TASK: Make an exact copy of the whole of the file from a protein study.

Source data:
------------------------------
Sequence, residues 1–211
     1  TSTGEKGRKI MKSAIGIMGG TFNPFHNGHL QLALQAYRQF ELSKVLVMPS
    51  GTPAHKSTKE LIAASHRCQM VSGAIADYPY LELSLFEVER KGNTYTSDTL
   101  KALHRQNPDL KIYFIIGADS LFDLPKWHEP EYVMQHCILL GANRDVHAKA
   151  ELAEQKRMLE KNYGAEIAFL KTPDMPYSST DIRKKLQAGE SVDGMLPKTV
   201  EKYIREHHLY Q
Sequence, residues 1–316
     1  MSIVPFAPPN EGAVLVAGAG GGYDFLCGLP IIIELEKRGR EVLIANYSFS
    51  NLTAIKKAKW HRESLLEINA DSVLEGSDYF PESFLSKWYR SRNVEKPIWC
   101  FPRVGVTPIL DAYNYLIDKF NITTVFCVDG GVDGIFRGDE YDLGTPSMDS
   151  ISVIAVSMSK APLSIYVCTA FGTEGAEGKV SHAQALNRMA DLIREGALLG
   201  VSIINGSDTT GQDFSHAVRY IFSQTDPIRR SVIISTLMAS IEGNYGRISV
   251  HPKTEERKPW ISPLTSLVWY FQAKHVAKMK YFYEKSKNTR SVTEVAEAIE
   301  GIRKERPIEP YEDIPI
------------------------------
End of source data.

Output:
Sequence, residues 1–211
     1  TSTGEKGRKI MKSAIGIMGG TFNPFHNGHL QLALQAYRQF ELSKVLVMPS
    51  GTPAHKSTKE LIAASHRCQM VSGAIADYPY LELSLFEVER KGNTYTSDTL
   101  KALHRQNPDL KIYFIIGADS LFDLPKWHEP EYVMQHCILL GANRDVHAKA
   151  ELAEQKRMLE KNYGAEIAFL KTPDMPYSST DIRKKLQAGE SVDGMLPKTV
   201  EKYIREHHLY Q
Sequence, residues 1–316
     1  MSIVPFAPPN EGAVLVAGAG GGYDFLCGLP IIIELEKRGR EVLIANYSFS
    51  NLTAIKKAKW HRESLLEINA DSVLEGSDYF PESFLSKWYR SRNVEKPIWC
   101  FPRVGVTPIL DAYNYLIDKF NITTVFCVDG GVDGIFRGDE YDLGTPSMDS
   151  ISVIAVSMSK APLSIYVCTA FGTEGAEGKV SHAQALNRMA DLIREGALLG
   201  VSIINGSDTT GQDFSHAVRY IFSQTDPIRR SVIISTLMAS IEGNYGRISV
   251  HPKTEERKPW ISPLTSLVWY FQAKHVAKMK YFYEKSKNTR SVTEVAEAIE
   301  GIRKERPIEP YEDIPI